By: Joe Strupp
After giving its year-long knowledge of Congressman Mark Foley’s questionable e-mail to a congressional page barely a mention in a Friday story about the scandal, the St. Petersburg Times on Saturday sought to explain why it did not report on the situation at the time in a special editor’s note to readers.
In a similar move on Monday, The Miami Herald also revealed having similar e-mails last year, but did not beleive they had enough evidence for a story. Executive Editor Tom Fiedler was quoted as saying he “didn’t feel there was sufficient clarity in the e-mails to warrant a story. We determined after discussion among several senior editors, including myself, that the content of the messages was too ambiguous to lead to a news story.”
The St. Petersburg editor’s note, placed on the paper’s “The Buzz” blog on its Web site by Government and Politics Editor Scott Montgomery, contends that the Times did not ignore the seriousness of the situation and sought to report it fully when it learned of the e-mail in November 2005.
But, Montgomery writes, the paper could only verify one former page who had allegedly received explicit e-mails from Foley, who has since resigned, and that person did not want to be named. A second page, meanwhile, spoke on the record, but said he had not received any e-mails that were considered inappropriate.
“So, what we had was a set of emails between Foley and a teenager, who wouldn’t go on the record about how those emails made him feel,” the note said, in part. “… our policy is that we don’t make accusations against people using unnamed sources. And given the seriousness of what would be implied in a story, it was critical that we have complete confidence in our sourcing. After much discussion among top editors at the paper, we concluded that the information we had on Foley last November didn’t meet our standard for publication.”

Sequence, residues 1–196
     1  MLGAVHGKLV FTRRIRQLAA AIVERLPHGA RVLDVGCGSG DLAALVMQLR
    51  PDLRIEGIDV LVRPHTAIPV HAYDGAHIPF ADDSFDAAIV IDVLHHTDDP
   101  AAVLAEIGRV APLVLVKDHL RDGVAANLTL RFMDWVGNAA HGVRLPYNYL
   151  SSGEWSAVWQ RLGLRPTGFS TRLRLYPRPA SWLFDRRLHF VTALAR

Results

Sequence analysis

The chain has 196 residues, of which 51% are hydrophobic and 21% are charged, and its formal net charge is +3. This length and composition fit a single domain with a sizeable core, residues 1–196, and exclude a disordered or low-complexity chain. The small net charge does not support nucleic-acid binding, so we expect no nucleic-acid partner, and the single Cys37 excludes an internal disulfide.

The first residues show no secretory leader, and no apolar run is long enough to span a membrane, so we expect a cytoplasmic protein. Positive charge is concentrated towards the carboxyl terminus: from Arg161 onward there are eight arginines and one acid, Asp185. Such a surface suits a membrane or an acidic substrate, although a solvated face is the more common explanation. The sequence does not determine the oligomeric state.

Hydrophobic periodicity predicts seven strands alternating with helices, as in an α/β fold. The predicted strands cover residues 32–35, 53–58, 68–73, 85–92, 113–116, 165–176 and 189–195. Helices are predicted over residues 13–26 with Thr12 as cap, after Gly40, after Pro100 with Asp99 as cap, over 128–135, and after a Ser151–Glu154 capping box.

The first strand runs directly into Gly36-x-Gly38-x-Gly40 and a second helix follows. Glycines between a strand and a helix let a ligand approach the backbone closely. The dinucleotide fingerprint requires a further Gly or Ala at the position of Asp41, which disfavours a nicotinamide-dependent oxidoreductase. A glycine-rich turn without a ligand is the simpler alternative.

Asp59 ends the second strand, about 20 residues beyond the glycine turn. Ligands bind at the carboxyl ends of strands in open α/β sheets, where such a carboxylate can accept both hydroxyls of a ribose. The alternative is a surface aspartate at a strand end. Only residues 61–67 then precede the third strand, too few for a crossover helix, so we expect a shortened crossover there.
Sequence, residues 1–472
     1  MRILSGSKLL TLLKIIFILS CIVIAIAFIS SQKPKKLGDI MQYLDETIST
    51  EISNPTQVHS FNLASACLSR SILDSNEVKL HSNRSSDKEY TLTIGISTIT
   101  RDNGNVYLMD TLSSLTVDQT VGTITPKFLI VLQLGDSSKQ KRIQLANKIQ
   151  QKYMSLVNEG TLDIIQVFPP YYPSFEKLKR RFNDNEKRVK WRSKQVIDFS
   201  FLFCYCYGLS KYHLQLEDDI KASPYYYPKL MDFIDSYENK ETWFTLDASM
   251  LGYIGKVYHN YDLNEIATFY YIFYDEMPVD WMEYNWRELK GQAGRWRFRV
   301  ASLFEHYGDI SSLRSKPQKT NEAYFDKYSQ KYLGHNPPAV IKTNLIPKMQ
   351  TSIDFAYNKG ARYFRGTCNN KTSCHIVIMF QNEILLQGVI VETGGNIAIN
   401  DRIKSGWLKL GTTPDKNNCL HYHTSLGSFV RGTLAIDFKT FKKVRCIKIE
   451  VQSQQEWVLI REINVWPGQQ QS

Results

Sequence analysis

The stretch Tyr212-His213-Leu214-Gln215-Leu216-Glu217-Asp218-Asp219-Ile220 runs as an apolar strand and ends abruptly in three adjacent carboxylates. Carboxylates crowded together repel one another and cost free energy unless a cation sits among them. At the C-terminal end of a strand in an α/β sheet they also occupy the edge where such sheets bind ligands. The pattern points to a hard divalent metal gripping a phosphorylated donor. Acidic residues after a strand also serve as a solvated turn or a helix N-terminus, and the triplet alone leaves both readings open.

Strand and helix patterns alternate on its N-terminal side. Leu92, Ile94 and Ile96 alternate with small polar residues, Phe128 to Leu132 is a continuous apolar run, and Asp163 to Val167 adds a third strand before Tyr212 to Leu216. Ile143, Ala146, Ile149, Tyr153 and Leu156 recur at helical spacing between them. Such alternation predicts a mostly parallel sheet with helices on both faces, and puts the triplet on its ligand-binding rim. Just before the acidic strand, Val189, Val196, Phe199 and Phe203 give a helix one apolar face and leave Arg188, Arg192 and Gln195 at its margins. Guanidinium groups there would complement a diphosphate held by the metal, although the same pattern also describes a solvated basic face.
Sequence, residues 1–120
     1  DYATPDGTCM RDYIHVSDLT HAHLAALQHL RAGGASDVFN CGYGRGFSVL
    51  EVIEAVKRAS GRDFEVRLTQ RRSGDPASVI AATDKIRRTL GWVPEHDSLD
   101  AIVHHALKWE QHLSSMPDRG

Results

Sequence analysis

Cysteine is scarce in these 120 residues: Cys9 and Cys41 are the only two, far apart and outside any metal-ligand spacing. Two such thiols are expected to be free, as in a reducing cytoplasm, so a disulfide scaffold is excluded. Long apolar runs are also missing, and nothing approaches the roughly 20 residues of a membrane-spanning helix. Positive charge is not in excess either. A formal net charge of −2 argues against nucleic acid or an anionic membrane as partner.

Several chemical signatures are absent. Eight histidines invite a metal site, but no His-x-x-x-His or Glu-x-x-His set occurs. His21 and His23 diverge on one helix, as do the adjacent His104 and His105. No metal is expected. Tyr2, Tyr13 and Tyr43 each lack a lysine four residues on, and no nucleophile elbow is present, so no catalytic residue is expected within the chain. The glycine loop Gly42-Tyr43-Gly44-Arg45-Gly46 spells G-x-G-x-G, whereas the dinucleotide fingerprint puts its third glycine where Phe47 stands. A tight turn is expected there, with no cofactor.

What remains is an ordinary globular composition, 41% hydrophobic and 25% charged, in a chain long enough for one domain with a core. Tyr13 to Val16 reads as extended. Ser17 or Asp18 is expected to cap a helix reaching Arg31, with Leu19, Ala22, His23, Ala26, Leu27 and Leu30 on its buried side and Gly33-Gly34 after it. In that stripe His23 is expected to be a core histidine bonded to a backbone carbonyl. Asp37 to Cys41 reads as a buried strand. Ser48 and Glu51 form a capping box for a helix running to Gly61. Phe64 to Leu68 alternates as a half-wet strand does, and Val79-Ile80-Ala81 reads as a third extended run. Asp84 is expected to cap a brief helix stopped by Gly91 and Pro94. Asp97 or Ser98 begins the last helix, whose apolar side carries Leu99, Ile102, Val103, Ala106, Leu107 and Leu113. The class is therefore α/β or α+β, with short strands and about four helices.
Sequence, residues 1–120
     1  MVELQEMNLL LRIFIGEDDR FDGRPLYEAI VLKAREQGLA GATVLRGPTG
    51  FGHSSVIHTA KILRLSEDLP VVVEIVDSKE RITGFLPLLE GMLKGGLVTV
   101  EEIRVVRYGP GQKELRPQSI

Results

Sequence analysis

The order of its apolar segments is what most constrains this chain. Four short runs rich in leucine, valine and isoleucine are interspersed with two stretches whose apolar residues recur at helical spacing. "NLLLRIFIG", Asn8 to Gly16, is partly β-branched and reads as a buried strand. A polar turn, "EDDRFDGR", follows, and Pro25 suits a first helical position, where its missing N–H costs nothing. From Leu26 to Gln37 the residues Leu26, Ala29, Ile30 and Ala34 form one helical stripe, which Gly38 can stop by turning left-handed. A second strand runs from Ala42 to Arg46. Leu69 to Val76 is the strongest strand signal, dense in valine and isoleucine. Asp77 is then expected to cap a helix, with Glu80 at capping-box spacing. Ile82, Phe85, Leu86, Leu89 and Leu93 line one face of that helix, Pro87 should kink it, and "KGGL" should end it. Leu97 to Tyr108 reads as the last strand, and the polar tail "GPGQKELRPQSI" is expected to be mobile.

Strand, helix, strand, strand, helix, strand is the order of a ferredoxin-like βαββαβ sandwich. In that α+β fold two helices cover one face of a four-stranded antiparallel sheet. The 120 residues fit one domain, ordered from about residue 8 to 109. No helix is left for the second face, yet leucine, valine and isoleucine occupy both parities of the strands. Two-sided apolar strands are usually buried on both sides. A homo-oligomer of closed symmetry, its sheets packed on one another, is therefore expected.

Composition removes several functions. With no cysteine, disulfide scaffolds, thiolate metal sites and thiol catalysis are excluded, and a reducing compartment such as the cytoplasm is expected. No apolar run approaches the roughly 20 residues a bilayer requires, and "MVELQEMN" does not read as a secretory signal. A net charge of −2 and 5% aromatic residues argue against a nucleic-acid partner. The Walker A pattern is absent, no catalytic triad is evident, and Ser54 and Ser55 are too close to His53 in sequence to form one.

Montgomery also hinted that the paper had continued to pursue the story, writing, “Since that time, we revisited the question more than once, but never learned anything that changed our position.” He did not offer specific information about how the pursuit was done or how long it was pursued.
Montgomery and Managing Editor Stephen Buckley could not immediately be reached for comment Monday. The editor’s note drew dozens of comments from readers, both supporting the paper and slamming it for holding the story.
“How does it feel to be on the other side of a feeding frenzy?” one Web reader wrote. “Usually you are the sharks circling in the bloody water but now the tables are reversed and you have not handled the pressure well. You are stumbling through this feeding frenzy worse than any … politician. It’s a shame. I have lost all respect for your paper.” Another added, “the Times protected Foley, everyone knows it.”
But along with those criticizing the paper were others either directing criticism at the Republican Party or defending the newspaper. “Why on Earth are you beating up the SPT?” one post stated. “Your anger should be directed at the GOP-run Congress that KNEW about this 11 Months ago!!! … I for one am disgusted & appalled by the ENTIRE Republican Party!!!”